Thursday, February 11, 2010

Jolt and Wiggle

Jamesville and Washington Railroad

Facetiously known as the "Jolt and Wiggle" or "Jolter and Wiggler" because of its bumpy ride, the Jamesville and Washington Railroad (J&W) and Lumber Co. was incorporated in 1869. When it was completed in 1885, it linked Washington (Beaufort Co., NC) on the Tar-Pamlico River and Jamesville (Martin Co., NC) on the Roanoke River, a distance of about 20 miles. The J&W was the first railroad to be built in Washington.

Built to haul lumber from Diamond City near Jamesville to the port at Washington, the small wood-burning engine, topped by a large triangular smoke stack, is said to have spent as much time off the track as on. In 1879, an Edgecombe paper wrote, "The Jamesville and Washington [Railroad] is having wrecks while the Williamston and Tarboro [Railroad] is still being argued about." In fact, no train ever ran from Williamston in Martin County to Tarboro in Edgecombe County.

After the Civil War, Jamesville made a comeback, largely due to the J&W. By 1870, the narrow gauge railroad was serving a large-scale timbering operation around the town. In 1889, Daniel Simmons' rejuvenated operation boasted of being the largest maker of wood shingles in the state, thanks in large part to the "Jolt and Wiggle."

Diamond City grew up around the logging camp and flourished for about 25 years before fading away.

This is a picture of a car and, behind it, an engine of the Jamesville and Washington Railroad. The picture was taken from the East Carolina University digital library. It is part of the Capt. Henry C. Bridgers Collection, Joyner Library, East Carolina University. []. It was dated Dec. 23, 1888.

In 1892, the J&W was sued by a customer of the railroad who was not named. According to the suit, the plaintiff, a citizen of Washington, NC, wanting to go to Edenton—which had no railroad— purchased a ticket (for $1) to travel to Jamesville on Sept. 7 and return to Washington on Sept. 9. The Plaintiff road the "Jolt and Wiggle" to Jamesville on the 7th and he went on to Edenton.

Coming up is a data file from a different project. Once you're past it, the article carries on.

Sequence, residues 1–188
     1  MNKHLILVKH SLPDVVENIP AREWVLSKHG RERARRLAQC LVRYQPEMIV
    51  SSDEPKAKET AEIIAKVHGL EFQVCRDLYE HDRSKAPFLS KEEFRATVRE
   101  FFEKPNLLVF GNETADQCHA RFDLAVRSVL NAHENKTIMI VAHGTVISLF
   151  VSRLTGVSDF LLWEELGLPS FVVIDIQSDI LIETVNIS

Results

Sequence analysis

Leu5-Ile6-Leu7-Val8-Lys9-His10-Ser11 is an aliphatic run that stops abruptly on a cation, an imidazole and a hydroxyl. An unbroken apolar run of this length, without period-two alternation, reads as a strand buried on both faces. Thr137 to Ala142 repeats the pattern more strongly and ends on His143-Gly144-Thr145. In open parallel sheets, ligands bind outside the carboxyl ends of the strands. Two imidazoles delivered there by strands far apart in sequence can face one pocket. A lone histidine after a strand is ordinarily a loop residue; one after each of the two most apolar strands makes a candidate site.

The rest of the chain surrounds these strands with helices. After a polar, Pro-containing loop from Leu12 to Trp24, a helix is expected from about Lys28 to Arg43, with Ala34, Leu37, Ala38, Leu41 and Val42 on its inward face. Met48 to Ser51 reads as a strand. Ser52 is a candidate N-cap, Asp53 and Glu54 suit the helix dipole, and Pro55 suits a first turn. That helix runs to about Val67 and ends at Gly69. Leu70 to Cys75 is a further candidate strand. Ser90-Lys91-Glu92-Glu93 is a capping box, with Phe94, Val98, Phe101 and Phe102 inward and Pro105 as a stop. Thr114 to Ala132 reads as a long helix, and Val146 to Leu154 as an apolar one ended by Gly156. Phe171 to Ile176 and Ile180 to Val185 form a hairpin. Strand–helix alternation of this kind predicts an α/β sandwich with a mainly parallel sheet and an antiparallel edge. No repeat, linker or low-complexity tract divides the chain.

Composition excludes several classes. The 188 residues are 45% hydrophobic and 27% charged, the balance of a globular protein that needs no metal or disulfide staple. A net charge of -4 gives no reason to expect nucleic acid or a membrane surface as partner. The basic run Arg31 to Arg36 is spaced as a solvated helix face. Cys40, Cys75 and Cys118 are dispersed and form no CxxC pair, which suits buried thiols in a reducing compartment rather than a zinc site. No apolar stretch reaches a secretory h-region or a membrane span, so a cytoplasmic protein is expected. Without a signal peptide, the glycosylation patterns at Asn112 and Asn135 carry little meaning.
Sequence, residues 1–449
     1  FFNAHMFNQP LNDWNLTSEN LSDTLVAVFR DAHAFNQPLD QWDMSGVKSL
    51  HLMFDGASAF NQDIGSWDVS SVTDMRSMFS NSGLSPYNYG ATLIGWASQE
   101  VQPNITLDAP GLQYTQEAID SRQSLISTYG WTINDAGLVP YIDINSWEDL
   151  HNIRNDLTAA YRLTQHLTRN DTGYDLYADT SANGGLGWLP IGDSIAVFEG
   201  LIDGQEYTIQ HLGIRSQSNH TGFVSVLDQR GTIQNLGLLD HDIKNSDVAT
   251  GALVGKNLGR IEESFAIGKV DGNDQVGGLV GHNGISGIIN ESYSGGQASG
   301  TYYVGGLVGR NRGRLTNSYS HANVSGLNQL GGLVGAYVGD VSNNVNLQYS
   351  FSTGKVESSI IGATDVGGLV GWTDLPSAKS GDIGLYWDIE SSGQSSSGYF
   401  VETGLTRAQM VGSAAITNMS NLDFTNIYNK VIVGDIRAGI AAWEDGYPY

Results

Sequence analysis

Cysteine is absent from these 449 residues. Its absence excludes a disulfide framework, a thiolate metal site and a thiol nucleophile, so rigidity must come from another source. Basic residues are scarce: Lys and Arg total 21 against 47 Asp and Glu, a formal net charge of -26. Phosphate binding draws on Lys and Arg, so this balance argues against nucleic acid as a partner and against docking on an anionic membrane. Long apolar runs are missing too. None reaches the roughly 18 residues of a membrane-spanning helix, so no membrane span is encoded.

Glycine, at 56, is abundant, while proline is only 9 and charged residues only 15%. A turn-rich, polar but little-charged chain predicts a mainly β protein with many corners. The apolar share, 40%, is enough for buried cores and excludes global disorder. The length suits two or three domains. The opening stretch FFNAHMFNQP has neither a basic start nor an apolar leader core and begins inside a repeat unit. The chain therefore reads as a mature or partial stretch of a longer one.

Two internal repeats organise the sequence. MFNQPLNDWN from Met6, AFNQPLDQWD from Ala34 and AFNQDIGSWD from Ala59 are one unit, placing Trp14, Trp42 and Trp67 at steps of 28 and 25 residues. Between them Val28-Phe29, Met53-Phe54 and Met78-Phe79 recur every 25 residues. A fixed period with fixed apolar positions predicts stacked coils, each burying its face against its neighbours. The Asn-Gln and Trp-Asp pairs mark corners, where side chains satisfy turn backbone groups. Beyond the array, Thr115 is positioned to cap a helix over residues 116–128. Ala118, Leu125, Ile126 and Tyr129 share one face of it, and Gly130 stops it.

It so happened that on the 8th of September, soon after leaving Jamesville for Washington, the axle of the J&W's engine broke. When the plaintiff returned from Edenton to Jamesville on the 9th the railroad was unable to carry him on its road from Jamesville back to Washington, "as it had contracted to do." Therefore the passenger was suing the railroad for damages which he claimed were $500.

The allegation was that the railroad's " roadbed was in a bad, shackly, and ruinous condition; that defendant had but two engines, both of which were worn and in bad condition, one of them at that time being in the shops for repair, and not in a condition to be used; that the bad condition of defendant's roadbed had rattled the other one so as to cause the axle to break." The passenger claimed that this showed willful negligence by the railroad.

Of course the railroad denied the claim of negligence while admitting that the road was not in good condition. Further, the railroad claimed that "it was poor and struggling for existence, and that it was expending the whole earnings of the road, and more, in trying to keep it in good repair, and was not able to do so

The plaintiff did not received the $500 he sued for.

See for a picture of the Jamesville depot.

Washington, North Carolina By Louis Van Camp: 2000
Annual report of the Board of Railroad Commissioners of North ..., Volume 2
The Connector, Newsletter of The Tar River Connections Genealogical Society, Spring 2003

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